While the game differed from the real battle in terms of the intensity of combat (things weren't pushed so hard in reality) it did share some key features. The Austrians proved how stubborn they coul be in defence but also how fragile they were and how poorly they could cope with even the slightest touches of bad luck going against them. The Austrian cavalry performed well, counterattacking to delay the French and Bavarian advances before being able to withdraw intact from the battlefield.
The rules played well. There are a few minor tweaks I may consider making here and there, but nothing essential and the mechanisms held up well and played really fast. I'd estimate that the total playing time was under 2 hours.
The forces engaged represented somewhere around the following:
French & Allies: 30,000 infantry, 800 light cavalry and 60 guns
Austrians: 20,000 infantry, 2000 light cavalry and 80 guns
French and allied losses were in the region of 2,000 infantry
Austrian losses were in the region of 5,000 infantry and 50 guns
I'd judge this as a fairly major victory for the French. Based on the VP schedule I calculated at the start of the scenario the French gained 20 points and the Austrians 5.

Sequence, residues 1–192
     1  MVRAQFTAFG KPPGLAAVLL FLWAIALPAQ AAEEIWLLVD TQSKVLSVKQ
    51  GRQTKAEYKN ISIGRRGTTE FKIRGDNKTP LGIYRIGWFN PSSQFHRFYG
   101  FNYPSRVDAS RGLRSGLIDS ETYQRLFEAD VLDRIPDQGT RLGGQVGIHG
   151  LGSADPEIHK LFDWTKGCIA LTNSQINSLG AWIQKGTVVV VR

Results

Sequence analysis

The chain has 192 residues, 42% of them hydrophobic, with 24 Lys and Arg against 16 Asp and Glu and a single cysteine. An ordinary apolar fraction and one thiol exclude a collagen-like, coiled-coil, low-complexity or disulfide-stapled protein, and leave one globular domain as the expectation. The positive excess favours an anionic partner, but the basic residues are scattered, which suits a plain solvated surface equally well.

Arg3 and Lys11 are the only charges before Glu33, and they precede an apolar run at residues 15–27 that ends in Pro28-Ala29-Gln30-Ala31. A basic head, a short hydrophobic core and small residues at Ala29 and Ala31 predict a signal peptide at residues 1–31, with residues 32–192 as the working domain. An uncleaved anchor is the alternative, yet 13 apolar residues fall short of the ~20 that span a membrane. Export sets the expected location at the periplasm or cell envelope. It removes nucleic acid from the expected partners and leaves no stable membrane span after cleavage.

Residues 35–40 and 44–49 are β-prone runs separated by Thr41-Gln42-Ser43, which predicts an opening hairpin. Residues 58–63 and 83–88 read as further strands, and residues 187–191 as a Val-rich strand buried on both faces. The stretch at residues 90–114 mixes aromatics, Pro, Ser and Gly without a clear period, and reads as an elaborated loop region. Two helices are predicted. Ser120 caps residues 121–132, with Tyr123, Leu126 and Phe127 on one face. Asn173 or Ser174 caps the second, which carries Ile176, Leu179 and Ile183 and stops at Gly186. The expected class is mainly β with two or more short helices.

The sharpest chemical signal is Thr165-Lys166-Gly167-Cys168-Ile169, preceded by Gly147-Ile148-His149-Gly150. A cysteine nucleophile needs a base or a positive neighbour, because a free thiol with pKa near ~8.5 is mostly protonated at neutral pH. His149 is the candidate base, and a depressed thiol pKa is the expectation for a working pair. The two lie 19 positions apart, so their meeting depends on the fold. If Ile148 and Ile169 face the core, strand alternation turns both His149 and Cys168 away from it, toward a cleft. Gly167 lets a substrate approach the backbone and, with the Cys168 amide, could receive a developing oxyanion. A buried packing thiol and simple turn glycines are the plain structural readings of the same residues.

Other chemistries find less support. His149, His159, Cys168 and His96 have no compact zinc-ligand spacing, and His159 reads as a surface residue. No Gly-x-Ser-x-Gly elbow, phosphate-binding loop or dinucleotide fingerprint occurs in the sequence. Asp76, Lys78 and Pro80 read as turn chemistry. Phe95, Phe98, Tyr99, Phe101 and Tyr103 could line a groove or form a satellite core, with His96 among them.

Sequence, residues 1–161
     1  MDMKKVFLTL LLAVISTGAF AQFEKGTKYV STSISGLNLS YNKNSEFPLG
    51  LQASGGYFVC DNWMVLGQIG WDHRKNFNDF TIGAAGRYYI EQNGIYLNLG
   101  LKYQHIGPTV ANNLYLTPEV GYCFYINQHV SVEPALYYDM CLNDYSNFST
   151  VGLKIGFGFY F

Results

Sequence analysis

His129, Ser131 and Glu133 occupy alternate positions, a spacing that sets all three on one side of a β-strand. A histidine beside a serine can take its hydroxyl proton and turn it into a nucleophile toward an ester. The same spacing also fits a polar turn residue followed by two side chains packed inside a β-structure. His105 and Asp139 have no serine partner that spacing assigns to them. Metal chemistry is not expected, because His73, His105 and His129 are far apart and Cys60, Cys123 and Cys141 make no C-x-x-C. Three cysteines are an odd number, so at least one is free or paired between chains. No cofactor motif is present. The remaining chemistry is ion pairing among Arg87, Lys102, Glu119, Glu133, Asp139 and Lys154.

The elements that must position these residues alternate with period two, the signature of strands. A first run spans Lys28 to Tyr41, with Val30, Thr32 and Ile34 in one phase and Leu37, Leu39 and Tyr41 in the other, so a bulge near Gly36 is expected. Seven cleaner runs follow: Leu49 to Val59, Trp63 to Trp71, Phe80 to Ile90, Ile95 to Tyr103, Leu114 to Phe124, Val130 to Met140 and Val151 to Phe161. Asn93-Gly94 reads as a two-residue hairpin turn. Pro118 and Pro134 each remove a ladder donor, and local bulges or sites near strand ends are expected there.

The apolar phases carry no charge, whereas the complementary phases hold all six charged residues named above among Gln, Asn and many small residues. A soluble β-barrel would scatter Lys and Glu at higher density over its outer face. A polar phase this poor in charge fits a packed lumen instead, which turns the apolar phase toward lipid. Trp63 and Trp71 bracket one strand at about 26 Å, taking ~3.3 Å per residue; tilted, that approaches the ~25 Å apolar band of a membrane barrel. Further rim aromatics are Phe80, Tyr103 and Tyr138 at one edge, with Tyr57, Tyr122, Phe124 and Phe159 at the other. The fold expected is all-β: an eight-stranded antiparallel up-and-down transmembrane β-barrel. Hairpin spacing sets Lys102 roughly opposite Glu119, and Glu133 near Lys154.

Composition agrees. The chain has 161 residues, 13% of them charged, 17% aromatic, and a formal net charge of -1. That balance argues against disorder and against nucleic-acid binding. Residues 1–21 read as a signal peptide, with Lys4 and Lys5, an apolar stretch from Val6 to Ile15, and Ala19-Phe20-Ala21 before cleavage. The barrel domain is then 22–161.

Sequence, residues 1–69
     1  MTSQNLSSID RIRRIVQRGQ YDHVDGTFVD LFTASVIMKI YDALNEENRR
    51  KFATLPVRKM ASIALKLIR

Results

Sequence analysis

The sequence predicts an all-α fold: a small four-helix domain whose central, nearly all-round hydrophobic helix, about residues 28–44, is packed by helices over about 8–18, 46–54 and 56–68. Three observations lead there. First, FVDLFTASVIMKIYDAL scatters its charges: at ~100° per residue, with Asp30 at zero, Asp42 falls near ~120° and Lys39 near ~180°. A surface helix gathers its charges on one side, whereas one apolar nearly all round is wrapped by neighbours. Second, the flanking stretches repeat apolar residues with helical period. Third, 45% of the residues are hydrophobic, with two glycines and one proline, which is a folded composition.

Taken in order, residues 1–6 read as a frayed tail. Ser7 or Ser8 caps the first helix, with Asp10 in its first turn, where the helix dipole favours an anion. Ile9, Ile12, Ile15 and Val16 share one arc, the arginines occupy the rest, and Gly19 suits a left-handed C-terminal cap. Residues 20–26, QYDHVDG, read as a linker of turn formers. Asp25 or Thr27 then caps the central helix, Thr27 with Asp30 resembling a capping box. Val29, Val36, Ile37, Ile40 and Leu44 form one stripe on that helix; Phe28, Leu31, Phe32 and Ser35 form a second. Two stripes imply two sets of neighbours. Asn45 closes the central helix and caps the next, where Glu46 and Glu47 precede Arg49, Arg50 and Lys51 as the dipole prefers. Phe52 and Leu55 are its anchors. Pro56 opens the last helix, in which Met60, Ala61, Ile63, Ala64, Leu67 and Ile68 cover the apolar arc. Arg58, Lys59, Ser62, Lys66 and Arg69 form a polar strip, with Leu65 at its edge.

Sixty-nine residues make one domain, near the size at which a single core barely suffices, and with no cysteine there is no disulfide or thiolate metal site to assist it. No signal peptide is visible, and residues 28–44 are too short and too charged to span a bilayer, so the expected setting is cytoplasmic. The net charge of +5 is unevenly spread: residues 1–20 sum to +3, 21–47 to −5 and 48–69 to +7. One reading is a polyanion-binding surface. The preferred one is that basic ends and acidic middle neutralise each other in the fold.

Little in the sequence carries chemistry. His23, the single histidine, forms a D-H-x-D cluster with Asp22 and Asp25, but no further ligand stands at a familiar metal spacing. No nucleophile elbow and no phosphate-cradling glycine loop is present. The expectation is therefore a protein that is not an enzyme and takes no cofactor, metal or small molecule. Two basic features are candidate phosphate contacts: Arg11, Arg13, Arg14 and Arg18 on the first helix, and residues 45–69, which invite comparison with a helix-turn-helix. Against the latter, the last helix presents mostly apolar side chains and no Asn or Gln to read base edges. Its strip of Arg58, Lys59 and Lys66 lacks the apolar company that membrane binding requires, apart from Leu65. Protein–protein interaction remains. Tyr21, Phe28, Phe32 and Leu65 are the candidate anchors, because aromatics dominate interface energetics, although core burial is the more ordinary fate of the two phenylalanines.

This was a fun game and a scenario I'd happily refight. Perhaps the Austrians need to put more respources into defending their right flank and holding back Davout?

Wednesday, 15 July 2009

The Battle of Eckmuhl (4)

It was a quite night at the club and as I crashed my car in Forumla De, I popped home early to get some more fo Eckmuhl completed.

By 16:45 the French left (Friant) had taken advantage of a withdrawal by the Austrians to the main ridge line. St Hilaire's bashed-up division had rallied off most of the disruption inflicted and Davout was preparing for the next "big push" with these two divisions
On the right, less was going on, due to some poor command rolls. One Bavarian infantry brigade even underwent a spontaneous withdrawal!
By 15:15 Davout's plans on the left were bearing fruit. A general attack by Frant, supported by some of St Hilaire's troops had routed the Grenzers and an Austrian infantry unit, while St Hilaire's remaining brigades assaulted OberLaiching and seriously disrupted the defenders

.. on the right, the Bavarian's attempted to use thir light cavalry to screen their infantry while it positioned itself to flank Unter Laiching, however a counterattack by Austrian hussars saw off the Bavarian cavalry and the infantry could not then risk exposing its flank by turning on the village. The Austrians also took the opportunity to withdraw their advance guard and chevauxlegers: